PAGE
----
Just what we need: Another new TV talk show debuts tonight.
"The Late Mr. Pete," starring Pete Chaconas, starts a Monday-through-Thursday run at midnight on cable channel +V USA.
Pete who? The late Mr. What? And who are all these talk show hosts popping up all over the place and why are they saying such terrible things about each other anyway?
"The Late Mr. Pete" is not a bad, little, low-budget, quirky, nutsy, Ernie-Kovacs-homage, kind of cult show. But it's far more interesting for what it's part of than for what it is. It's part of the explosion of talk shows debuting and often getting canceled, accompanied by such fierce in-fighting among hosts and producers for slices of a fragmented audience that late night is becoming the Beirut of TV time periods. It's part of the Talk Show Wars.
Drawing the latest battle lines are "The Tonight Show With Jay Leno," "Late Night With David Letterman," "The Arsenio Hall Show," and "The Dennis Miller Show," which was canceled last month but will remain on the air through Sept. 11.
Besides "The Late Mr. Pete," a new show from Garry Shandling is scheduled to debut this month. "The Larry Sanders Show," which starts its 13-episode run (with multiple replays) on HBO Aug. 15, is a parody of late-night talk shows with Shandling playing the host, Larry Sanders.
And, as they say, that ain't the half of it.
Letterman and ABC are talking about his leaving NBC to start a new show on ABC because he's still mad about NBC's choosing Leno instead of him to replace Johnny Carson. And NBC has just signed Dana Carvey to start a talk show on NBC if Letterman does that. Letterman's contract with NBC expires in April 1993, and Warren Littlefield, president of NBC Entertainment, sounded if he was ready to bite the bullet and let Letterman walk in a recent press conference.
If all that action and potential movement isn't enough, there's the flurry of cross-talk and cross-fire among the hosts and producers. Since Carson stepped down at the end of May, it's been the Mean Season on talk shows.
There was Hall's assaults on Leno recently: "He used to be my friend, but now I think he's a . . ."
And, though Leno has not responded directly, he has brought shockjock Howard Stern on "Tonight," and Stern has responded for him. Stern called Hall a "moron." Heating things up even further, Stern called Doc Severinson and Ed McMahon, Carson's supporting players, "two idiots" and "no-talents."
There has been a lot of other sniping on and off the air.
Most of the latter has been among producers and staffers of the shows eager to say awful things off-the-record about the competition. TV critics and reporters in Los Angeles recently for the fall preview press tour were besieged with such offers of "inside" information.
The neat and simple explanation for all the lunacy is Carson's retirement: The king is dead and the kingdom is up for grabs.
It's neat, but it's incorrect. There wasn't much of a kingdom left as recently as last spring. Carson's audience was shrinking -- and what was left was old, white and male. Hall was beating him soundly in demographics in many cities. TV Guide this week confirms that the audience was so small NBC wanted Carson out. That wasn't all Carson's fault. The TV landscape had changed dramatically in the past decade from broadcasting to one huge audience to narrowcasting and niche programming.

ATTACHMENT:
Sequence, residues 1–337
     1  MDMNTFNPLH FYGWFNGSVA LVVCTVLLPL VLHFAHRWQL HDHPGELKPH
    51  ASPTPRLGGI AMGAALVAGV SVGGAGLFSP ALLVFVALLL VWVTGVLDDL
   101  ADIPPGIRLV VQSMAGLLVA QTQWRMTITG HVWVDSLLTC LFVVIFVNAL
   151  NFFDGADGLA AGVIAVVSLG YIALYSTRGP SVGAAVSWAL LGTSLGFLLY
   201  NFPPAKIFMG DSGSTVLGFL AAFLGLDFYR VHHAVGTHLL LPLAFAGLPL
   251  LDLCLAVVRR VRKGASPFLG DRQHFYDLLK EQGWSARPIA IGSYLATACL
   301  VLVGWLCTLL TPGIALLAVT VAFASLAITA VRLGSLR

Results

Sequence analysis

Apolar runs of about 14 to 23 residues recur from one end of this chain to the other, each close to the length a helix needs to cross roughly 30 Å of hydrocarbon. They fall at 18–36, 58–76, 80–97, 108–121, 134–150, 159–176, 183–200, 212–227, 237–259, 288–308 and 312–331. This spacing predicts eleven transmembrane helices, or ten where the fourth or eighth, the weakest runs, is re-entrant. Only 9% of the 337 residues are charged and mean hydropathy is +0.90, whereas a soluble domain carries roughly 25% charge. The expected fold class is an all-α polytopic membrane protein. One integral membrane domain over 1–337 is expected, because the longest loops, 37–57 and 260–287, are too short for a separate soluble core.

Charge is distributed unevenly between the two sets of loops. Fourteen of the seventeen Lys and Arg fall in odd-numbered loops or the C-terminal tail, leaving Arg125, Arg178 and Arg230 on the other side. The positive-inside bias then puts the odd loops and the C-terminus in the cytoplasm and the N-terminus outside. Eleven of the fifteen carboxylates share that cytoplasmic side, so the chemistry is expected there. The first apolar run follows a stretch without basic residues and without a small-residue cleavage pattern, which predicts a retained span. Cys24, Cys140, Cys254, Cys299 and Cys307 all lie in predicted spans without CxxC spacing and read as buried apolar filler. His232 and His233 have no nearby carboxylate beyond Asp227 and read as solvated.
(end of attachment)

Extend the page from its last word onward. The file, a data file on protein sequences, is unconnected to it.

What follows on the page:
But Carson's departure is part of the mosaic of reasons behind the talk show wars -- specifically the bad blood between Hall and Leno.
Whereas, Carson was booking older guests, Hall and Leno are basically going after the same stars. The result is a booking war in which guests are made to understand that they should stay off Hall's show if they want to be regular guests on "Tonight" and vice versa.
Furthermore, Hall and Leno are both doing it to others. Carol Propp, a former talent booker for Miller, told TV Guide the booking battle was one of the reasons Miller's show went under -- they couldn't compete for top guests. "Initially, both shows gave celebrities the impression that if they did our show, they wouldn't be able to do their shows for a long time," Propp said.
The behind-the-scenes booking wars and other, smaller matters have led to the public dust-ups. The other matters include Leno's wanting to be the political comic, but the big political moment thus far has gone to Hall with Bill Clinton's appearance on his show in June.
Another development to turn the heat up on all the shows is the demise of Miller. When Ron Reagan's talk show bit the dust earlier this year, no one paid much attention; Reagan was not considered much of a talent. But Miller was a big deal. When things started looking shaky for him, people started to worry about their own futures.
"The thinking by a lot of people who didn't much understand the real economics of TV today was that, when it came to talk shows, if you mounted one, [the public] would come," said a producer who asked that her name not be used. "It was supposed to be that easy. Miller's cancellation proved it isn't. The audience has a lot of other choices. And, now, a lot of people are feeling the heat and acting strange -- lashing out because they are scared or just lashing out because it's a cheap and easy way to get publicity for their show."
Pete Chaconas is small potatoes in the world of Leno, Hall, Letterman, Goldberg and Chase. "The Late Mr. Pete" is a show that started in cable access in Los Angeles and looks it. But it has a hot band -- the Zydeco Party Band -- and Chaconas is an interesting character.
There could be a small audience for this kind of show. That might make it a better candidate to survive beyond the monthlong commitment it now has from USA than some of the big-name talk shows. It can live with a sliver of a splintered audience. It's not worth anyone's time yet to engage it in a booking war. And Leno won't be bringing Stern on "Tonight" to call Chacona as "moron" -- at least for the time being.